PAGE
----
Nay, interrupted he, let me not be Mr. Orlando, my lovely friend, but call me Orlando, and try to fancy me your brother. Tell me, Monimia, how have you passed your time since I was allowed to see you last? What an age it is ago! Have you practised your writing, Monimia, and has Lennard allowed you the use of any books?
A few I got at by the assistance of Betty Richards, who has the key of this room to clean it when you are absent, Orlando; but if my aunt had found it out, she would never have forgiven either of us. I was forced therefore to hide the books she took out for me with the greatest care, and to read only by snatches. And as to writing, I have done a little of it because you desired me; but it has been very difficult; for my aunt Lennard never would allow me to have pens and ink; and Betty Richards has given me these too by stealth, when she was able to procure them, as if they were for herself, of Mr. Pattenson the butler, who was always very kind to her about such things, till a week or two ago; when he was so cross at her asking for more paper, that we thought it better to let alone applying to him again for some time.
The old thief was jealous, I suppose, answered Orlando. I believe he was, said Monimia, for he has a liking, I fancy, to Betty, though to be sure he is old enough to be her father.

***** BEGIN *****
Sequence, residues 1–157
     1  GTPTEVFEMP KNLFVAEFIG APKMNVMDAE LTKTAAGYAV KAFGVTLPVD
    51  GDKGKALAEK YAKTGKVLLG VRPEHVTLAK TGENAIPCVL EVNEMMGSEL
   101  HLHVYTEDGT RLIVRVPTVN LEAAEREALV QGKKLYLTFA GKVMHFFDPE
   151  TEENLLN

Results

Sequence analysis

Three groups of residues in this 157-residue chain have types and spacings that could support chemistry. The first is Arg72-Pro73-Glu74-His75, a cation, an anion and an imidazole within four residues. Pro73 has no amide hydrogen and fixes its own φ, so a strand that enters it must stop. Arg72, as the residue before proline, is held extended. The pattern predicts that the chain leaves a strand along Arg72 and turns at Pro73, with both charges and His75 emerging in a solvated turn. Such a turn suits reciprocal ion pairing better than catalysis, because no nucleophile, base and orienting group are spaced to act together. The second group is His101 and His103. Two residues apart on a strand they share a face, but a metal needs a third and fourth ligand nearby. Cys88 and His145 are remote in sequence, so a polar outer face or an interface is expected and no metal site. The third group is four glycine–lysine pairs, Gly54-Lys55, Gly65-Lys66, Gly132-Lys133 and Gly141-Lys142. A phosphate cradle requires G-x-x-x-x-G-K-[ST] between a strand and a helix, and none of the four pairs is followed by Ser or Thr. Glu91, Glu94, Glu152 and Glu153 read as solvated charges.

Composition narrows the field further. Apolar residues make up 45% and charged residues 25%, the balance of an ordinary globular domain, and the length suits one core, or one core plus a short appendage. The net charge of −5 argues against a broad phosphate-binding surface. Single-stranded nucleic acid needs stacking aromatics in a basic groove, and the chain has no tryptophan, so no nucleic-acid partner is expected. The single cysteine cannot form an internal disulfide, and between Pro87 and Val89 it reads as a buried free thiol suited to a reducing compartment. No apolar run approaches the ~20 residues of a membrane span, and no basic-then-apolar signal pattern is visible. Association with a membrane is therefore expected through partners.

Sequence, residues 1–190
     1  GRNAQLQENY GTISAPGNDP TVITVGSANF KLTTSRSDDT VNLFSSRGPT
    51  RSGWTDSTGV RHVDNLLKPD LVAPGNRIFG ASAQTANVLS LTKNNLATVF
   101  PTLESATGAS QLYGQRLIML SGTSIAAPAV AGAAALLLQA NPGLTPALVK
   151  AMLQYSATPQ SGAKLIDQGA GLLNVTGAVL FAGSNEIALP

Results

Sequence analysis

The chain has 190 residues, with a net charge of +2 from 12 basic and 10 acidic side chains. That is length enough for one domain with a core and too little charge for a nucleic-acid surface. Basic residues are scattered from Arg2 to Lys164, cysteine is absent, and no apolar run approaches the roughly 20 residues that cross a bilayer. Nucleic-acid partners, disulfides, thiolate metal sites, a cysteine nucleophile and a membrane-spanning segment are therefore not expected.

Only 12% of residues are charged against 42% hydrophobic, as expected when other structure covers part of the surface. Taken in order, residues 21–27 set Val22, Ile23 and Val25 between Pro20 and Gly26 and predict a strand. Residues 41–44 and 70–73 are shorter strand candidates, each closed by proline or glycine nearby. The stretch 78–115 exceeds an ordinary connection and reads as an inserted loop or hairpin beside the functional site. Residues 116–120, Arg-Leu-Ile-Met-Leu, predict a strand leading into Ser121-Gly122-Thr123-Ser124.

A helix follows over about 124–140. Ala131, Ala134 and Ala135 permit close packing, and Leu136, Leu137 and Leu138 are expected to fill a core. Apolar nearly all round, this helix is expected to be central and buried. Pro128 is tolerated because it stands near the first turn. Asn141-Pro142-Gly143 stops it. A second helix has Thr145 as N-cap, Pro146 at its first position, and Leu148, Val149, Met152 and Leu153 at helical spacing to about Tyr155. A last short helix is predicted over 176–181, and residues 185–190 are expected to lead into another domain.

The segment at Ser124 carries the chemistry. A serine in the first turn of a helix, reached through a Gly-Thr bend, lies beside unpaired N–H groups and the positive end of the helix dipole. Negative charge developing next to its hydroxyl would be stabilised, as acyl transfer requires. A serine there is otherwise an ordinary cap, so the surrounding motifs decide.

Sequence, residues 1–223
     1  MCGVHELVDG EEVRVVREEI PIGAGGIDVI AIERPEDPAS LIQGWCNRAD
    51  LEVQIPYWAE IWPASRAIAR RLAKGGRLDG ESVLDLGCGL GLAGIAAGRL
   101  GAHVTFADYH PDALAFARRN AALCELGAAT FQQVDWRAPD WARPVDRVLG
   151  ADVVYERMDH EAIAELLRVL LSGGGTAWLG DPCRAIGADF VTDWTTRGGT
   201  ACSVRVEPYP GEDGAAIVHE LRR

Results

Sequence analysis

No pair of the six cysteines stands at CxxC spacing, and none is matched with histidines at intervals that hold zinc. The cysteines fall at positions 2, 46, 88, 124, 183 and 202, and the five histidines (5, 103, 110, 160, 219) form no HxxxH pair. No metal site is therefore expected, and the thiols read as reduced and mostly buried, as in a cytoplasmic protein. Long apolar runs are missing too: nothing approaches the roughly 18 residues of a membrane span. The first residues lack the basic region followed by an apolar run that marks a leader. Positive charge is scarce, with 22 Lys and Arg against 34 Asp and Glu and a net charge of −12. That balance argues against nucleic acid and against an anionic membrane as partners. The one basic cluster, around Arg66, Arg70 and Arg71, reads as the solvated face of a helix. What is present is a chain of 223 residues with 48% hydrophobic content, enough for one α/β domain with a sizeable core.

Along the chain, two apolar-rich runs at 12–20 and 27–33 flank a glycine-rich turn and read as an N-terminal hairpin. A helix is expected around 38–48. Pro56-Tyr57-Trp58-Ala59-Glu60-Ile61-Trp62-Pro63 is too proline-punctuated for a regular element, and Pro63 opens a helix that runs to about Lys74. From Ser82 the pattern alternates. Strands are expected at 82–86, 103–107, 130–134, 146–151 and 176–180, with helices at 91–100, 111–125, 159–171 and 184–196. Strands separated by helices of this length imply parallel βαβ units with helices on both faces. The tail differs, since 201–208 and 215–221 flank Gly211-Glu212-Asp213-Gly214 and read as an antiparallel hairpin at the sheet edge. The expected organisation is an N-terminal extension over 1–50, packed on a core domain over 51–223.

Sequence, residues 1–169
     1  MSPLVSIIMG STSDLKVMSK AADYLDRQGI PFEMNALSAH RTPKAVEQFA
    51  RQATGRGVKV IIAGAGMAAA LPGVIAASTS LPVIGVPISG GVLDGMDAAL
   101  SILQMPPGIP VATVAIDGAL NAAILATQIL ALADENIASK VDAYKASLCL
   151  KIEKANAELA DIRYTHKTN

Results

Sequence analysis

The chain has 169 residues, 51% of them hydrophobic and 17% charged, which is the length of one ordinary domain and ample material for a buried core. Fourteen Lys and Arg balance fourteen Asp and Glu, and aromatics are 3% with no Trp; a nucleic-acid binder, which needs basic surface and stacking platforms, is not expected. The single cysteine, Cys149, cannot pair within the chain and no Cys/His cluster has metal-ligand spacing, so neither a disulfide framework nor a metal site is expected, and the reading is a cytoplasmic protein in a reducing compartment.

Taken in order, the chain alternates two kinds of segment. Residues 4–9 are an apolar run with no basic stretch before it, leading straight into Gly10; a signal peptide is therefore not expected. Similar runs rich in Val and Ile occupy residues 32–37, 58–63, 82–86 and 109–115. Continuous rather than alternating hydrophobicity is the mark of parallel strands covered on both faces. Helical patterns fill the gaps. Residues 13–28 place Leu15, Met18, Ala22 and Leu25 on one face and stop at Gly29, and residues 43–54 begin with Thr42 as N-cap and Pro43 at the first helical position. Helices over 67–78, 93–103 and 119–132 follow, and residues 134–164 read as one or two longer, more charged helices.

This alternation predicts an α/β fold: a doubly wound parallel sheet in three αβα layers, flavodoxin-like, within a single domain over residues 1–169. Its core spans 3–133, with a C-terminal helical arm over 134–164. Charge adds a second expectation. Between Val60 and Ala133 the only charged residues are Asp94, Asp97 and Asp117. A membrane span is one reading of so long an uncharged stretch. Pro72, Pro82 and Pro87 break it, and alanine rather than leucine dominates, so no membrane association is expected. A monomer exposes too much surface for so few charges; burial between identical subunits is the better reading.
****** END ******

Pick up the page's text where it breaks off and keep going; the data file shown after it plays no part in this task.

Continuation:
Orlando was now struck with an apprehension which had never before occurred to him: he feared that, in the gratitude of her unadulterated heart for the kindness she received from this Betty Richards, she might betray to her the secret of their nocturnal visits: and he knew that the love of 54 gossiping, the love of finery, the love of nice morsels which the butler had it in his power to give, or even the love of shewing she was entrusted with a secret, were any of them sufficient to overset all the fidelity which this girl (the under house-maid) might either feel or profess to feel for Monimia.
Against this therefore it was necessary to put her on her guard; which Orlando endeavoured to do in the most impressive manner possible, and even urged her with warmth to give him her solemn promise that she never would entrust this servant with any secret, or mention to her his name on any account whatever.
Indeed, Orlando, replied Monimia, when he had finished this warm exhortation, indeed you need not be uneasy or anxious about it; for there is one reason that, if I had no other, would never permit me to tell this poor girl that I meet you unknown to my aunt.
And what is that?